Fott also said that because the area has grown -- Clark County has become the fifth-largest public school system in the nation with 308,000 students -- public officials should be sensitive to perception.

"I'm not at all positive I have the best answer to this, but one place to draw the line is that you should abstain where you have a direct financial interest, or maybe more generally, where you could reasonably be thought to be biased," Fott said.

Fott said he has no reason to believe that Moulton and Wright are anything but "honorable people," but "maybe they should have abstained."

Ron Taylor, a former teacher and 2008 candidate for the School Board, believes the law is clear that public officials should avoid voting on issues where they have a financial incentive.

Shortly after the School Board approved the new labor agreements, Taylor filed a complaint against Wright with the Nevada Commission on Ethics because she voted on the support staff contract.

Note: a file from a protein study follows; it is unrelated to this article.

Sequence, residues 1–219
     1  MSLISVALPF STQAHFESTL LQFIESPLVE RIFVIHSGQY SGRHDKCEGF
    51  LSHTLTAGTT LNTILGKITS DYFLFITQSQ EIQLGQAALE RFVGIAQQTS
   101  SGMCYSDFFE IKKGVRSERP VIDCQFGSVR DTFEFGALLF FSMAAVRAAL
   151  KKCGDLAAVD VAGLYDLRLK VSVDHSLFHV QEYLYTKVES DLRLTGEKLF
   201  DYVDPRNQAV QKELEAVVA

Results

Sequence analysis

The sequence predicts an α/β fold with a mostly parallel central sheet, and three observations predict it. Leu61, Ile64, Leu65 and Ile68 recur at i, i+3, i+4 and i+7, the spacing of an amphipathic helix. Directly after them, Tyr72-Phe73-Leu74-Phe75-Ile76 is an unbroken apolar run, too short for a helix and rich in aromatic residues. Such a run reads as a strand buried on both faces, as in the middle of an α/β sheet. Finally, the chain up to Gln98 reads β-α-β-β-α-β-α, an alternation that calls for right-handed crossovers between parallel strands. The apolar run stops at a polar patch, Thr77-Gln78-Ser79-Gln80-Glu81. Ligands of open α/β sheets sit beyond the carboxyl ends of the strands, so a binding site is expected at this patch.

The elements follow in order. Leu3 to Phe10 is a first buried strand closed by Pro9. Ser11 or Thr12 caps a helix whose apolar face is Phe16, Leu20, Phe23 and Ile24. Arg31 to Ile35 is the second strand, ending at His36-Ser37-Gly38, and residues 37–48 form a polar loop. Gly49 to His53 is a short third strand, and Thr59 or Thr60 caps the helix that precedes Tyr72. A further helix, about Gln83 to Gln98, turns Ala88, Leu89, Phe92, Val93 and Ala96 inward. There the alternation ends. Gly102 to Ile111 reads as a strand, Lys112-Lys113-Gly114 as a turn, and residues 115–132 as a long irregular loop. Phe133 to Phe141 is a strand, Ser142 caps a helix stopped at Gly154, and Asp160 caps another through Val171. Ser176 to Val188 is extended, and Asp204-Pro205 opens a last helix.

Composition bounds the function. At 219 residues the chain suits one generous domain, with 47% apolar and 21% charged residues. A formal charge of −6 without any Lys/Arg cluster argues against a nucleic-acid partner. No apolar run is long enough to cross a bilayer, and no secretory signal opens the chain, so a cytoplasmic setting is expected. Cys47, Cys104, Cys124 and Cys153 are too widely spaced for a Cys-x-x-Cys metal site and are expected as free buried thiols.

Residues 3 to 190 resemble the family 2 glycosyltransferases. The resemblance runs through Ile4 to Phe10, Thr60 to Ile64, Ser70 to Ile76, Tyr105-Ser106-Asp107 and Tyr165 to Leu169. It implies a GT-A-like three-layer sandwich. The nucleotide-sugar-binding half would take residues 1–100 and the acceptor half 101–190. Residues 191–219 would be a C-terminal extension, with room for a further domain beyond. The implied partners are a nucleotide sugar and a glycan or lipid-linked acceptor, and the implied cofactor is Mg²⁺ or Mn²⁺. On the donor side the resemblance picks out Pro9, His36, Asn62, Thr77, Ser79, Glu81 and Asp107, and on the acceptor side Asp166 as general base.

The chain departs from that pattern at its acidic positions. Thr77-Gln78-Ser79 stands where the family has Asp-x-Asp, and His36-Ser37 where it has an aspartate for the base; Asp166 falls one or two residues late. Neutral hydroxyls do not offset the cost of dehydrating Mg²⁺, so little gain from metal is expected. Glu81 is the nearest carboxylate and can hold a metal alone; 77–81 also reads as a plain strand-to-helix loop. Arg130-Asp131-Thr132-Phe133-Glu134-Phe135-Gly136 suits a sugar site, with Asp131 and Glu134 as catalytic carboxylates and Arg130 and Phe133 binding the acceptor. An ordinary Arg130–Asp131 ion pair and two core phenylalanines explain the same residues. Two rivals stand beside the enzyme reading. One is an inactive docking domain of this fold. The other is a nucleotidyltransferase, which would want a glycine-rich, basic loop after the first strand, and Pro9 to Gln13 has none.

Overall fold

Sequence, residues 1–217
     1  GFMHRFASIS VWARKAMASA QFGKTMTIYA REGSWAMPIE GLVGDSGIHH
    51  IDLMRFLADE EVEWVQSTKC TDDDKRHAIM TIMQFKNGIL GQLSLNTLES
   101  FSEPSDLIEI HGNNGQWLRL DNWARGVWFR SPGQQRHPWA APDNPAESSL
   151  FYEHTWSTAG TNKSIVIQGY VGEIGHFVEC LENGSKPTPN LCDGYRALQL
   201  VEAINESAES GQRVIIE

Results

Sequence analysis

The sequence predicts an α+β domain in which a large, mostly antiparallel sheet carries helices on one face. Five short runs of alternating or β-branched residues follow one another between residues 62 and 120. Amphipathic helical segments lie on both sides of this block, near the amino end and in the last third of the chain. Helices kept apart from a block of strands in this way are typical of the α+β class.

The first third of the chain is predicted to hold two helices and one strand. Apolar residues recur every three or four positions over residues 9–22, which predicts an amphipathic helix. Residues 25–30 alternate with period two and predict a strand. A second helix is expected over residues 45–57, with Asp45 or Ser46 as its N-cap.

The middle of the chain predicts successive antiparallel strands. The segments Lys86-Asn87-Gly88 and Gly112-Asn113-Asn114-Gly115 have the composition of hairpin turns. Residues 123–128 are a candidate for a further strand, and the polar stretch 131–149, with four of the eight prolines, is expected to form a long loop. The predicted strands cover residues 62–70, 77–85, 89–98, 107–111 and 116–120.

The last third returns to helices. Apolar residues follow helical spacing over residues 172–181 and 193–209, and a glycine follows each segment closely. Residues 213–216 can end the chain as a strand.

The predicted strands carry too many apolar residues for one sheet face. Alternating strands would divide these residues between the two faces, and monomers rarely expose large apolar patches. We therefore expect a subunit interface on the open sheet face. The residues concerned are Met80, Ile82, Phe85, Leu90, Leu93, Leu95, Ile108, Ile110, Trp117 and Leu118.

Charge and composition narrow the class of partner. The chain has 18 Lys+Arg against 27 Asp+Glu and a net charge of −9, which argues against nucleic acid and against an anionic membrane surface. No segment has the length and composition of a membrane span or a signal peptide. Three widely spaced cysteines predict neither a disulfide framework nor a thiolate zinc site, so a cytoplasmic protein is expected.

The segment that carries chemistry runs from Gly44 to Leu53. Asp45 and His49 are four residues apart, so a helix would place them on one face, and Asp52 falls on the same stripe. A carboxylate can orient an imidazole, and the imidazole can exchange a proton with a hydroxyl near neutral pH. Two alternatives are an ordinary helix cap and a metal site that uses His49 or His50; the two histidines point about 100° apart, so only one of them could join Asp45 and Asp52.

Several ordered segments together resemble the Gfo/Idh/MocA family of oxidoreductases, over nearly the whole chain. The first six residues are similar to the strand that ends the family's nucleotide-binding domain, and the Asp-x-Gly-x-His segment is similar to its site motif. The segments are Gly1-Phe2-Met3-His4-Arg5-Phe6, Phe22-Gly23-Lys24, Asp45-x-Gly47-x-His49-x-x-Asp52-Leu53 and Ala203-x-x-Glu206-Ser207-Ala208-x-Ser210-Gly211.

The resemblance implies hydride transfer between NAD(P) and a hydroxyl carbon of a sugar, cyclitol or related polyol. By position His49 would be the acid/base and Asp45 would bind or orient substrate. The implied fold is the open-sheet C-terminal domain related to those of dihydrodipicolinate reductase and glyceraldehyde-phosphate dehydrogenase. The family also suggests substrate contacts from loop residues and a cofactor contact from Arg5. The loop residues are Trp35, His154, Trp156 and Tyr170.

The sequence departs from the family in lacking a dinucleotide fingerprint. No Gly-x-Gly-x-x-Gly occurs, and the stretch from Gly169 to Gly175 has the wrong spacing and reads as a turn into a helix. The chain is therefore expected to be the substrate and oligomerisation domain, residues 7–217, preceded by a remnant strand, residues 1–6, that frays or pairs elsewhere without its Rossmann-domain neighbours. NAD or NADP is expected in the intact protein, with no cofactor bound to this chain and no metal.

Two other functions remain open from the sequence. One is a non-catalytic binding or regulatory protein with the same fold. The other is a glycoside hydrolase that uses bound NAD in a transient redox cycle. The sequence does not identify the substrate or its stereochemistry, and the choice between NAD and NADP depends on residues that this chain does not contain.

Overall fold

Caren Jenkins, executive director of the commission, wrote back to Taylor that the commission was not going to respond to his complaint because he failed to allege specific facts and circumstances and produce evidence.

Taylor had cited the meeting and Wright's vote in his complaint. He called the commission lazy.

"They want you to put together the case for them," Taylor said. "If I have to make their case, I also want to decide the punishment."

Contact reporter James Haug at or 702-374-7917.